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Q: My daughter was diagnosed as obese the last time we went to the doctor. I knew she was heavy but not obese. She is 16 years old and I can control what she eats for breakfast and dinner. We are basically on a low-fat diet at home. We use low-fat foods and eat beef only once or twice a week. We eat a lot of broiled chicken and vegetarian stir frys. What else can I do about diet and how can I motivate my daughter to get some exercise?
A: The last thing your daughter needs to hear from you or anyone else is that she is OBESE. Your doctor was well-meaning in telling your daughter that she would be healthier if she weighed less, but for a 16-year-old girl to hear she is, in essence, abnormal, is very demoralizing. The fact is that this country's kids are way too heavy and way too inactive. This combination is usually a good predictor of a child growing into an overweight, inactive (unhealthy) adult.
Don't center the life of your daughter around dieting and losing weight. Don't let her self-image become shattered because of this doctor's pronouncement. Continue to cook healthy foods and serve reasonable portions. She probably won't participate in any physical activity on a regular basis unless she takes some enjoyment from doing it. Can the two of you start taking walks together three times a week to kick off some activity? How about a recreational, non-competitive sports league at the YWCA? Please ask her some open-ended questions about how she would like to handle this part of her life, indicating that you'll support her 100 percent.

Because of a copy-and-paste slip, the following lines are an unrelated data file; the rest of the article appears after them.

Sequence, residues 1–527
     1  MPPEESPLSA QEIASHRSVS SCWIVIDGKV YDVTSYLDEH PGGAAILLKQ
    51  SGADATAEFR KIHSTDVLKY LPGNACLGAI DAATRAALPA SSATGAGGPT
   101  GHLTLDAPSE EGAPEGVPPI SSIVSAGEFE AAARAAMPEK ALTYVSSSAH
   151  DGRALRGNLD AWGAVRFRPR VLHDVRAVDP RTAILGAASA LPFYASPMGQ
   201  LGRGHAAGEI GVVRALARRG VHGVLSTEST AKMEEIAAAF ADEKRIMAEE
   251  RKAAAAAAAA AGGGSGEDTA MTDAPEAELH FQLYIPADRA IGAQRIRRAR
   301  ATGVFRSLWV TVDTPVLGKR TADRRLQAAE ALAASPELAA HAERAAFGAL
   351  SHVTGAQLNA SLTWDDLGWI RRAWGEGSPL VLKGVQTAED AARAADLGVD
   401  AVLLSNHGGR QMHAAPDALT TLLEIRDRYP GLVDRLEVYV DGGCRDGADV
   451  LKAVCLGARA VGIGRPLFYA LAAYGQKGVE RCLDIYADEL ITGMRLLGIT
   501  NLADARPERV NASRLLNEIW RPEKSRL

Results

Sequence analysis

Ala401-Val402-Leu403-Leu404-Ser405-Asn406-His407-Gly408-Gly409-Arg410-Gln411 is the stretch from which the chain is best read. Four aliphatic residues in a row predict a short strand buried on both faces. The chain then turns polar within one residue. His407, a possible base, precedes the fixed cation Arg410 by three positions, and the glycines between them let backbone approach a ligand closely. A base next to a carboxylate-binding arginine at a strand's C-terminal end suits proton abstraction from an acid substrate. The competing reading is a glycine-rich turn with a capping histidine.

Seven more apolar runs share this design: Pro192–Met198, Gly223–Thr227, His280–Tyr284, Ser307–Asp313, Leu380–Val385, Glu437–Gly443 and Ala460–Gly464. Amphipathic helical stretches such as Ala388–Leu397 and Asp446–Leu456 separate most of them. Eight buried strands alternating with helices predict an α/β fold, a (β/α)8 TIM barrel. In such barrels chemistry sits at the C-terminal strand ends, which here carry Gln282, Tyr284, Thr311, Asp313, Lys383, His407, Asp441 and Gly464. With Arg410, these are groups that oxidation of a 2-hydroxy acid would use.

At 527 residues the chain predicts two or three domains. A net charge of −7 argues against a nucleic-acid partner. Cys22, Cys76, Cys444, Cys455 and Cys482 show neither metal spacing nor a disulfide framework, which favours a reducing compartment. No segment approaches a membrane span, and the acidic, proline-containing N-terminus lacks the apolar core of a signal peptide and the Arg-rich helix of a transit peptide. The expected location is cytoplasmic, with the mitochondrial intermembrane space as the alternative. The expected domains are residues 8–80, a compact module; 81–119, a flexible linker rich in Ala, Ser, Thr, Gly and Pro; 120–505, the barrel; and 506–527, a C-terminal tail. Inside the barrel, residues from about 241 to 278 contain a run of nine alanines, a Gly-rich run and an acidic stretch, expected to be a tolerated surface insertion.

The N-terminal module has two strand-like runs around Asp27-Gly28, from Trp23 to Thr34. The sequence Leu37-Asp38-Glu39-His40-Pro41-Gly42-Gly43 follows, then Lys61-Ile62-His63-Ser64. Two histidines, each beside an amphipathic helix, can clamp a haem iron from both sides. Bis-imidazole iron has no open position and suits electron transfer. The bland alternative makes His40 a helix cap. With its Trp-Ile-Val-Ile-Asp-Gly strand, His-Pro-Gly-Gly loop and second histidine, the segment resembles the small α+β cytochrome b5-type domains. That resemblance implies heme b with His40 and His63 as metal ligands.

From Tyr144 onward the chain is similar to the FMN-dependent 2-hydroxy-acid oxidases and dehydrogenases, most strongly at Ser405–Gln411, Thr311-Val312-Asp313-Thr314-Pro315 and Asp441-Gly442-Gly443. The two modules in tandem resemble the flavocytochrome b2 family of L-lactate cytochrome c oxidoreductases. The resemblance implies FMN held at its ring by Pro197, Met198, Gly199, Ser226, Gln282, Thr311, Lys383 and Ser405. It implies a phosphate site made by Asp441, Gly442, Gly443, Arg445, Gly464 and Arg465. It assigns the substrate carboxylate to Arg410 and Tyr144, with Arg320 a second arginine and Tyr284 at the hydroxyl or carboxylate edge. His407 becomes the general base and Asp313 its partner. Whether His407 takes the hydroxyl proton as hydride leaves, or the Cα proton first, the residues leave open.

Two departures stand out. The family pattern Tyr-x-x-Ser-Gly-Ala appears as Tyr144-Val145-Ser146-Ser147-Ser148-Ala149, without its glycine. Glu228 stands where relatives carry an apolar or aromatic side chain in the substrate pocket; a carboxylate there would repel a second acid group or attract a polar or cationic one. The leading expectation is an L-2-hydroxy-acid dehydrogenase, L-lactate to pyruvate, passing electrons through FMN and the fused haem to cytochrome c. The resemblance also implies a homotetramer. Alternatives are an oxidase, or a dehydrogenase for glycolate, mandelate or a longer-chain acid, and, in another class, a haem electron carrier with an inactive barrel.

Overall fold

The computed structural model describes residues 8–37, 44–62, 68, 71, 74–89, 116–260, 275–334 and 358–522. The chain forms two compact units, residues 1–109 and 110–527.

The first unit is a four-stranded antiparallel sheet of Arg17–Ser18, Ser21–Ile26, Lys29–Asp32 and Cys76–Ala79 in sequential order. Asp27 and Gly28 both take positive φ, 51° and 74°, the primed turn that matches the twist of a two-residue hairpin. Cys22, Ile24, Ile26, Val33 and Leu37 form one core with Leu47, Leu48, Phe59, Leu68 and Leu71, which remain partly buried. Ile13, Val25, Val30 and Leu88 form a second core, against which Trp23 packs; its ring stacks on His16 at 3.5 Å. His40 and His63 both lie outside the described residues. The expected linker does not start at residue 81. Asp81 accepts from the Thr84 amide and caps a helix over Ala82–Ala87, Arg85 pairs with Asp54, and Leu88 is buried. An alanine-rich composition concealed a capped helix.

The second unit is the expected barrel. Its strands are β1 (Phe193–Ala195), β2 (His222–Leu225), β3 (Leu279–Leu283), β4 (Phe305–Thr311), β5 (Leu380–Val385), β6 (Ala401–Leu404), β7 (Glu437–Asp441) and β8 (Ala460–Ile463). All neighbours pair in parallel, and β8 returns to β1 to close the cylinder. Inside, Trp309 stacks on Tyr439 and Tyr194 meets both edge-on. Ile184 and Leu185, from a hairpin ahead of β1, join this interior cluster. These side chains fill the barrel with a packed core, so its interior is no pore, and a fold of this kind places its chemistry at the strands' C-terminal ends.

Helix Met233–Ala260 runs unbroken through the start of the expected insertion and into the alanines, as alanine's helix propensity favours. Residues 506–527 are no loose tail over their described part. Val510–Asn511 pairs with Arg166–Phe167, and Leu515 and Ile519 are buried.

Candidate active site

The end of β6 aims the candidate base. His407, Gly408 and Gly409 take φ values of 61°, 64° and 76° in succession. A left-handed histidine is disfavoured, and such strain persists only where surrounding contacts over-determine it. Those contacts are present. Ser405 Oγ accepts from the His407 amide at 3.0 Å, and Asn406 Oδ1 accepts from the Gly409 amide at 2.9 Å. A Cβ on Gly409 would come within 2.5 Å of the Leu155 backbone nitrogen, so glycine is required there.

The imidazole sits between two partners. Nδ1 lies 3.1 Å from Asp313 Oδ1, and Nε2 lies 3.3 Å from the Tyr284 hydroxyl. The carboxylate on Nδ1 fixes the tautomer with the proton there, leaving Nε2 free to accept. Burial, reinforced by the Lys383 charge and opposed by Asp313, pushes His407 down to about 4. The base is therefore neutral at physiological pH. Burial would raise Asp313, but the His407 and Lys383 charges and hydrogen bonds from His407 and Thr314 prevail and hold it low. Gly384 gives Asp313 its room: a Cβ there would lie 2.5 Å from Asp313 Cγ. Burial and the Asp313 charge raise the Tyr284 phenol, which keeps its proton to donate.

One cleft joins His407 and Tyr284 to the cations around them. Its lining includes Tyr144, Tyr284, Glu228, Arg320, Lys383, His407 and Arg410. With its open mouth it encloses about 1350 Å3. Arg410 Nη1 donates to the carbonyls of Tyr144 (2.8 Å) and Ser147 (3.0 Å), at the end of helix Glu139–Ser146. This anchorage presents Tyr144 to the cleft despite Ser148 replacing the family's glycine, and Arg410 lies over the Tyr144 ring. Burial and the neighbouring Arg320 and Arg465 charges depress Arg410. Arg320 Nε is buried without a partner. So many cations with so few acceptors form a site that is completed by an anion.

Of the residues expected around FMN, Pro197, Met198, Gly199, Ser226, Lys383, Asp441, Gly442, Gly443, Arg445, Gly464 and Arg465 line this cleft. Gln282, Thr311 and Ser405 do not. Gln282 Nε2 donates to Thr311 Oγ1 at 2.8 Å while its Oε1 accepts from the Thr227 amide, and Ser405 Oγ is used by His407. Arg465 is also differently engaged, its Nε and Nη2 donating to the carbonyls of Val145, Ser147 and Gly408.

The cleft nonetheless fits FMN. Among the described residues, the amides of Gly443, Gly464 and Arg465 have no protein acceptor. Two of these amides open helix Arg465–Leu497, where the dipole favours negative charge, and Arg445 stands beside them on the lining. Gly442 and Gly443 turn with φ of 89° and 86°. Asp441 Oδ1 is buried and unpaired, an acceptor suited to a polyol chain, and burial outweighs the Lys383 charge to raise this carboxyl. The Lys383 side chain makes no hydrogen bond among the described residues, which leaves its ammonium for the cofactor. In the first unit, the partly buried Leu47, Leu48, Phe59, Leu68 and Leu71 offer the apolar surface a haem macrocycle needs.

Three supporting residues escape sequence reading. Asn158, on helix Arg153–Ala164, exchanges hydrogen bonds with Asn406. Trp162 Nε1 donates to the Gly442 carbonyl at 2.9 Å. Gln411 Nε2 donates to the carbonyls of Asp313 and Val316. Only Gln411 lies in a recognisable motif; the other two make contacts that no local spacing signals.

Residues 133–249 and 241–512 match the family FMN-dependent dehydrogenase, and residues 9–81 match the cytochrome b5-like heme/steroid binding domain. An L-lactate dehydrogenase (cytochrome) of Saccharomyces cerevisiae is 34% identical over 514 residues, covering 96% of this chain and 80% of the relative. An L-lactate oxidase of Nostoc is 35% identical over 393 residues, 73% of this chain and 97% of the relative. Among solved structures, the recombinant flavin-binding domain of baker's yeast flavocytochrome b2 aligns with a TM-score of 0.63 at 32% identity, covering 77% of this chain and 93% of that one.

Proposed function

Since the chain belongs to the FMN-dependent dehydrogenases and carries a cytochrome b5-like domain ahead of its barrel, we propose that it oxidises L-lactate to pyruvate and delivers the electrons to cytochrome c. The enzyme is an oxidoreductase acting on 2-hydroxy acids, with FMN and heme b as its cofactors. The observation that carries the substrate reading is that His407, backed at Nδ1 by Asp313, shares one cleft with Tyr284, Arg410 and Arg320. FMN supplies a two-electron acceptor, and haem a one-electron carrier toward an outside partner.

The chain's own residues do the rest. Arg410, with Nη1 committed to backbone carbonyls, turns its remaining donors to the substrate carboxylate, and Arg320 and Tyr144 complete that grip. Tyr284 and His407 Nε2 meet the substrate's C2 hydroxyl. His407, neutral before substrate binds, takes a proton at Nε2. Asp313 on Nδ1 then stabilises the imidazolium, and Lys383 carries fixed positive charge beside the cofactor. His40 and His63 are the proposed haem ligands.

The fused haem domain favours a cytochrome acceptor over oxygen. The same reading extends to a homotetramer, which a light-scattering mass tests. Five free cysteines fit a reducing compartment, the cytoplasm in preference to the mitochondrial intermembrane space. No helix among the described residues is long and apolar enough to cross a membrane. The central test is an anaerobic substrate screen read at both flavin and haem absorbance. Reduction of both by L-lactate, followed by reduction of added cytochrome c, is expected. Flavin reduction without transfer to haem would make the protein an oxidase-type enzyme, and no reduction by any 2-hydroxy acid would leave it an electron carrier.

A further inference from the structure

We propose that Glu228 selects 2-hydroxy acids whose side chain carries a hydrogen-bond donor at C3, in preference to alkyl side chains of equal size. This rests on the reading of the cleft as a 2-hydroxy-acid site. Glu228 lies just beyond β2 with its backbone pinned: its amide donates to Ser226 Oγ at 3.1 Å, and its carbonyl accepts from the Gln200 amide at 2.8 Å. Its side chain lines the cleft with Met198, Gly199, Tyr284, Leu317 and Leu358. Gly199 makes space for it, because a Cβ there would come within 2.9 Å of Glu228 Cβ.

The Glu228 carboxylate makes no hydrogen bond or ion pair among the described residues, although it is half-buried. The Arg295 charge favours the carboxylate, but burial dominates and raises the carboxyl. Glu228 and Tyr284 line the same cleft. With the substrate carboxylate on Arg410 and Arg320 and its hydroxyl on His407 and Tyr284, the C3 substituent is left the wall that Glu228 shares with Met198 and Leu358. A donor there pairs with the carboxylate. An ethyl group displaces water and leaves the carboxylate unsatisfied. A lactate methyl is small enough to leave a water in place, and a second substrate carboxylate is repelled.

It' a lot easier to tackle reshaping your body and exercising if you do it with someone else. As she reshapes her body and makes it more fit and strong, don't have her focus on the scale. Focus on staying active, making gradual progress in the areas of aerobic and anaerobic activity. A consultation with a supportive female nutritionist and exercise specialist might be a good beginning. Don't ever let her fall into the trap of believing her worth is measured by her body size. Focus on the health aspect, not the sex appeal. How you and other family and friends treat food and their bodies exerts a strong influence on her. Good luck. Keep me posted.
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Carleton Kendrick has been in private practice as a family therapist and has worked as a consultant for more than 20 years. He has conducted parenting seminars on topics ranging from how to discipline toddlers to how to stay connected with teenagers. Kendrick has appeared as an expert on national broadcast media such as CBS, Fox Television Network, Cable News Network, CNBC, PBS, and National Public Radio. In addition, he's been quoted in the New York Times, Washington Post, Chicago Tribune, Boston Globe, USA Today, Reader's Digest, BusinessWeek, Good Housekeeping, Woman's Day, and many other publications.